The major current environmental issues in China are air pollution (greenhouse gases and sulfur dioxide particulates) from overreliance on coal, which produces acid rain; water shortages, particularly in the north; water pollution from untreated wastes; deforestation; an estimated loss of 20 percent of agricultural land since 1949 to soil erosion and economic development; desertification; and illegal trade in endangered species. Deforestation has been a major contributor to China’s most significant natural disaster: flooding. In 1998 some 3,656 people died and 230 million people were affected by flooding.
China’s national carbon dioxide (CO2) emissions are among the highest in the world and increasing annually. The CO2 emissions in 1991 were estimated at 2.4 billion tons; by 2000 that level, according to United Nations (UN) statistics, had increased by 16 percent to nearly 2.8 billion tons. According to the International Energy Agency (IEA), between 1990 and 2002 the increase was closer to 45 percent. These amounts cited by the UN are more than double those of India and Japan but still less than half those of the United States (comparable figures for Russia are unavailable but estimated at probably half the level of China’s). China’s ozone depleting potential also is high but was decreasing in the early twenty-first century. The CO2 emissions are mostly produced by coal-burning energy plants and other coal-burning operations. Better pollution control and billion-dollar cleanup programs have helped reduced the growth rate of industrial pollution.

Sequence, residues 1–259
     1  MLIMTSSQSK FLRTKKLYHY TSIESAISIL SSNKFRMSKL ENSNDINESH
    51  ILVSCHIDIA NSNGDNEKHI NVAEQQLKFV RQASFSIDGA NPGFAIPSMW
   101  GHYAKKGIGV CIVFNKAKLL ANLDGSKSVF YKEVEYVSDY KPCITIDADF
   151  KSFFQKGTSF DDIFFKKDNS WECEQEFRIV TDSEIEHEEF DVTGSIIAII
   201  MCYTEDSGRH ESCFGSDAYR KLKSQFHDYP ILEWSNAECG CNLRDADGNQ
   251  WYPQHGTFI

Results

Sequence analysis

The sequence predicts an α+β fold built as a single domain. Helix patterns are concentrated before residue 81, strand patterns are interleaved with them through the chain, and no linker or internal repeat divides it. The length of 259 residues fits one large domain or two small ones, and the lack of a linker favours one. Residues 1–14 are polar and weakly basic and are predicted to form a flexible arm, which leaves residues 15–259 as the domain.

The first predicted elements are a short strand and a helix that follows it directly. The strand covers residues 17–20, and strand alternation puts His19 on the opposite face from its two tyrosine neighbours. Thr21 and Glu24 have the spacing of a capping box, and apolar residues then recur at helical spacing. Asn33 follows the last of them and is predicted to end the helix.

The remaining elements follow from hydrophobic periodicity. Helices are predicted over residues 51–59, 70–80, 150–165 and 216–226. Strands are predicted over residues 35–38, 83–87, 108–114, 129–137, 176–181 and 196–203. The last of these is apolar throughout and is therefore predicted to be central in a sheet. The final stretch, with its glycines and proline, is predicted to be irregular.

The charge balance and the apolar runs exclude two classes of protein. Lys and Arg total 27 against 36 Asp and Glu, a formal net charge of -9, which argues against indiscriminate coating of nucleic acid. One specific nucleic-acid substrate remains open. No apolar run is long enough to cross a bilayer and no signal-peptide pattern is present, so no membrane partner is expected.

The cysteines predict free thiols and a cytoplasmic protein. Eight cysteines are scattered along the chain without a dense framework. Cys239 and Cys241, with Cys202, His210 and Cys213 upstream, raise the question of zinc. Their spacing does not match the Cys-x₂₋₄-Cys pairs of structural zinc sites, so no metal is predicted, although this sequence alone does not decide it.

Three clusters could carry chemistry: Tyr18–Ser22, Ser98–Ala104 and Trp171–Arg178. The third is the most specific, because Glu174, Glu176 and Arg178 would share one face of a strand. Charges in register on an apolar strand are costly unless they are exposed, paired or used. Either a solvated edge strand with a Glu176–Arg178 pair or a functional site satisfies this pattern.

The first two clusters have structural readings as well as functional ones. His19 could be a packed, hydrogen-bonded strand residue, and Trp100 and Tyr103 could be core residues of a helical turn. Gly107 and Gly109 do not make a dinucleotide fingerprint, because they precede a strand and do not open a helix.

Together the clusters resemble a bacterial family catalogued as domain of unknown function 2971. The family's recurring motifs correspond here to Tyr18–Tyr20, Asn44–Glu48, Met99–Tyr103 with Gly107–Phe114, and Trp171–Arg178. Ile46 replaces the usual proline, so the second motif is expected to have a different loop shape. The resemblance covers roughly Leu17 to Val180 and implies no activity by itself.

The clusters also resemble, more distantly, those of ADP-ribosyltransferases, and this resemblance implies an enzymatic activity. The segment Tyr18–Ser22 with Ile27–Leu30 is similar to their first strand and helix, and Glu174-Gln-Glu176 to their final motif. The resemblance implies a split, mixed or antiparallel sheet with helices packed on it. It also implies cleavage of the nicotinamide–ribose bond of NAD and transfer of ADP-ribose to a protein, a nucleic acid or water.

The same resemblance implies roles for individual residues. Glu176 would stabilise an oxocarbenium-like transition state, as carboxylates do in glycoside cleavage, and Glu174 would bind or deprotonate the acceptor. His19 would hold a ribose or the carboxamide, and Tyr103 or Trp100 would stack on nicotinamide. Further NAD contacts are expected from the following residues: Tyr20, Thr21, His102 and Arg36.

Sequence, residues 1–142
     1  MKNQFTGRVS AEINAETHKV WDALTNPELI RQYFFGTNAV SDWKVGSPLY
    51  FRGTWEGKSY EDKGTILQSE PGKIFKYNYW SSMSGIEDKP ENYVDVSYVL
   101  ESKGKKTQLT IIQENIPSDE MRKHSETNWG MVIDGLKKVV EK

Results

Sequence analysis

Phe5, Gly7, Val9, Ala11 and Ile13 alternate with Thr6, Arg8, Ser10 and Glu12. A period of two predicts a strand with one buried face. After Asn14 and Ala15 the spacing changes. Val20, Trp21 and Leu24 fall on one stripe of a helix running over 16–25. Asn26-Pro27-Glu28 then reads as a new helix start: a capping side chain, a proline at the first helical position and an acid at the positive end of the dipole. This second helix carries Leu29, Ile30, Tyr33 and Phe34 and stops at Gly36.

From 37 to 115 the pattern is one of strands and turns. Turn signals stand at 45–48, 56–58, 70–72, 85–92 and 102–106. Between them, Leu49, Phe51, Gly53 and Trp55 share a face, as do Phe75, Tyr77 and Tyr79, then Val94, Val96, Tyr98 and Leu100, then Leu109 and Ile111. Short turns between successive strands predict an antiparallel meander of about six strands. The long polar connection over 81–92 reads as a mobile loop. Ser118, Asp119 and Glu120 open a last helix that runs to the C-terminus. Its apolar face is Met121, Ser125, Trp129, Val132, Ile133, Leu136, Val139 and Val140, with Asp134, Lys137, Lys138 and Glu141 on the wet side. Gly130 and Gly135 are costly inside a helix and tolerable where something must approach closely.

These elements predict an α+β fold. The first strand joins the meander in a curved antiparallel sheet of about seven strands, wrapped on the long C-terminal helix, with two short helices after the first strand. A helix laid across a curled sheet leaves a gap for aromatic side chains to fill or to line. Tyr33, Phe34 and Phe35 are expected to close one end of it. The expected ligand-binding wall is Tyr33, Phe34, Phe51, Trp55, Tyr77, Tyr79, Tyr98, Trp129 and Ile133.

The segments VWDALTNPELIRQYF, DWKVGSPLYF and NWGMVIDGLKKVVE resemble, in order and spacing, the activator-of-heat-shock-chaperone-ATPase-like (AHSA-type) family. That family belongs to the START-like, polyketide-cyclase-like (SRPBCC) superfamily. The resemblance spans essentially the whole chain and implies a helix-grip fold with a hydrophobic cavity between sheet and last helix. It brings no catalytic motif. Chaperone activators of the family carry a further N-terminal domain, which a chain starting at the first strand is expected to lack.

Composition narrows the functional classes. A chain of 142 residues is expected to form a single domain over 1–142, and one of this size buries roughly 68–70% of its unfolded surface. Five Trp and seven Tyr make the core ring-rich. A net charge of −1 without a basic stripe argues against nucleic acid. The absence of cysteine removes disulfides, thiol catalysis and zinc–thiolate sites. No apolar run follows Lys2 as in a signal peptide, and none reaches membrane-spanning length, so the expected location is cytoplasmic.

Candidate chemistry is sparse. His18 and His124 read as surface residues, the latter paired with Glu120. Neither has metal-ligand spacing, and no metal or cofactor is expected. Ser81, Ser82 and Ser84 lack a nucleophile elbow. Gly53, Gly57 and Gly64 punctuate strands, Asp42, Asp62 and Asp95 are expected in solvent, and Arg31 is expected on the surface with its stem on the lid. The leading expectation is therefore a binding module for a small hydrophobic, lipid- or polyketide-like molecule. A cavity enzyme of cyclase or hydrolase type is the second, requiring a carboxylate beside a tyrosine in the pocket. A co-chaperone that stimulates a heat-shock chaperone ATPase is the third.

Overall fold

Although China crosses all or part of five international time zones, it operates on a single uniform time, China Standard Time (CST; Greenwich Mean Time plus eight hours), using Beijing as the base. China does not employ a daylight savings time system.